Not even one full day into his first day at spring training, the few sentences said by Yankees third baseman Kevin Youkilis sent fans and the media into a frenzy. Likely a few hours after he was sized for his pinstripes, Youk was telling reporters he’d always be a Boston Red Sox.
He’s learned now, but that’s a big no-no and certainly not something that will go unnoticed in the big New York spotlight. Of course, his allegiance to Boston spread all over the back pages of newspapers was not the only quote he gave, but it was the only one people cared about.
Already on Yankees fan’s bad side, Kevin Youkilis said he will always remember the first nine seasons of his baseball career, which just so happened to take place with the Bombers’ biggest rival. Two World Series rings, three All Star appearances, a Gold Glove and Hank Aaron Award, and he is being ridiculed for saying he enjoyed what he accomplished there? Are fans truly clinging to any little thing he says that sounds the slightest anti-Yankee? That is truly pathetic.
Now, there’s not a fiber in my body that tells me a clean-shaven Kevin Youkilis wearing our beloved Yankee pinstripes is right. This is not a plea of defense nor show of love to the guy who batted .235 last season and yet received $12 million, from an apparently penny-pinching Yankees front office. But it’s just me accepting it.
Many people have brought up the argument that players like Sparky Lyle, Wade Boggs, Roger Clemens, and Johnny Damon all started out as hated rivals in Beantown, and ended up becoming fan favorites [and more importantly, World Series champions] in the Bronx. Did any fan really expect those four “idiots” to put on the pinstripes, play with Yankee pride and partake in some of the greatest moments the team has ever had? I don’t think so.
I’ll give you a moment to reminisce about Sparky’s 1977 Cy Young season. Or Boggs riding the horse after ’96. Don’t forget Clemens’ postseason dominance either. Or Damon’s double-steal.
That is not my number one point, but it largely contributes to the idea that fans need to just wait and see what happens this season. The fact is, no one knows what Kevin Youkilis will do for the Yankees this year. I don’t expect anything outstanding, but I don’t expect anything horrible either.
Yankees fans have been considered vulgar, ignorant, downright stupid and clueless in the past. They have also been known as classy, every now and then, for cheering for whoever is wearing the pinstripes. I’m not a fan of A-Rod and a number of guys on the team. But I still support them and cheer for them. Why? Because they’re Yankees. And Kevin Youkilis is now one too.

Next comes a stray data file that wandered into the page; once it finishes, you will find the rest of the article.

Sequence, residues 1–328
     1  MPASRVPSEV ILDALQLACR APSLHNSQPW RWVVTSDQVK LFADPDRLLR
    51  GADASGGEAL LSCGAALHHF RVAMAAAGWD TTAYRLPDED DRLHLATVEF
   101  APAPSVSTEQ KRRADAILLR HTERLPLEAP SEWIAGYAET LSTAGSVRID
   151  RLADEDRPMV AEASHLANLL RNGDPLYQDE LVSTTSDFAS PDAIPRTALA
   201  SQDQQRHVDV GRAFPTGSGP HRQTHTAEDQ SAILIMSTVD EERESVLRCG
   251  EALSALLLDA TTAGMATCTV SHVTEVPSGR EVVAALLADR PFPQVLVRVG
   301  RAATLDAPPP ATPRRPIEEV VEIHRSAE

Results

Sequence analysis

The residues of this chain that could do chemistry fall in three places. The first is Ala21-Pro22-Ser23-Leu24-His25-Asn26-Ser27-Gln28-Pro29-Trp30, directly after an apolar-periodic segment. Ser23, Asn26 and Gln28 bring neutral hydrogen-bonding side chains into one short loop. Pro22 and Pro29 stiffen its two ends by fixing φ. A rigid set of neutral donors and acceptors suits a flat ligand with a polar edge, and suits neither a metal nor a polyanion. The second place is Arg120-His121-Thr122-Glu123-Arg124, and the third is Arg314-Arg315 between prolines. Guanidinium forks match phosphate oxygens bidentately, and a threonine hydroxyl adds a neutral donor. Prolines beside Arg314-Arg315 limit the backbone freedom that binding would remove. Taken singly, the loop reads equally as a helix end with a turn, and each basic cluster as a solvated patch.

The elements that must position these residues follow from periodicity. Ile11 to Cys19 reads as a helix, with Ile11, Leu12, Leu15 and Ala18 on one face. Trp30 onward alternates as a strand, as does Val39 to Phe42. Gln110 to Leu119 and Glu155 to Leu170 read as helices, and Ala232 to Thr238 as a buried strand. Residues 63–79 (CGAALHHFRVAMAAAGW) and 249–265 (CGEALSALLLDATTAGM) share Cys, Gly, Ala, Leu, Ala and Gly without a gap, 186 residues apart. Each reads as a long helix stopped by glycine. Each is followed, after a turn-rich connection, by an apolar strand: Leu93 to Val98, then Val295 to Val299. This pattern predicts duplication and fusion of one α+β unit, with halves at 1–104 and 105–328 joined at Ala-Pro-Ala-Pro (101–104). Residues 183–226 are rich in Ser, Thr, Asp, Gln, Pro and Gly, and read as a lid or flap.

So forget what he was, as he is now a player for our favorite team. Forgive and forget. Give him a chance. All those statements and more apply. The fact is, you don’t know anything until you know everything. Who knows what these upcoming 162 games have in store for Youk. Only time will tell. Not me or you.
In a not too surprising decision Monday, a grand jury acquitted former Yankees pitcher Roger Clemens of all charges that he used using performance-enhancing drugs during his lengthy baseball career. Though he is one of the faces of baseball’s steroid era, the jury believed that The Rocket never used them, and trainer Brian McNamee, teammate Andy Pettitte, and other witnesses were proven wrong.
Although he posted ridiculous stats well into his 40s and did things no other athlete his age ever did (posting a 1.87 ERA at age 42 and having his lowest H/9 rating since 1986!), we’re now supposed to believe that it was simply a true testament of Clemens’ natural talent and skill.
As I’m sure you all can tell, this decision means absolutely nothing – Clemens is still the lying, cheating, steroid using slob he was when he hobbled off the field in the 2007 playoffs.
It’s not shocking, but rather disgusting that Clemens now gets to walk away from this with no consequences. The trial had gone on far too long, but if they already wasted so much tax dollars and time on this case, at least make the right and obvious decision. No matter how people try to defend him, you’d be a fool to think steroids didn’t contribute to at least the later years of his 24-season run in the bigs. The fact that he is now going to be on the Hall of Fame ballot this year literally makes me cringe.
Yet, there’s always been the belief that certain players already in Cooperstown cheated their way to fame and success. And that is probably the case, but Clemens’ PED use is as clear as day. Not that he will even get elected to the Hall, but he doesn’t even deserve a chance.
This was a terrific opportunity for MLB to send a message to the sports world and to other PED users that they will be caught and brought to justice. But now the poster boy of this whole mess is apparently not guilty, and Roger Clemens will continue living off the money and fame he got from a needle, and not from his actual talent and skills that he once naturally honed.
One argument people make is that his numbers before he started taking steroids are enough to get him into the Hall of Fame. Granted, they certainly were amazing, but that is just 13 out of the 24 seasons he pitched in baseball. So we now are going to induct every PED user based off of half, or maybe a quarter of their careers? At the end of the day, people aren’t inducted for what they did for a period in their careers, but for what they did consistently and diligently for the longevity of their baseball lives. Chew on this too – if the great Pete Rose is banned from the Hall of Fame for gambling off the field, how could Roger Clemens be let in for doing something that directly changed the course of each game on the field? That would be horrible.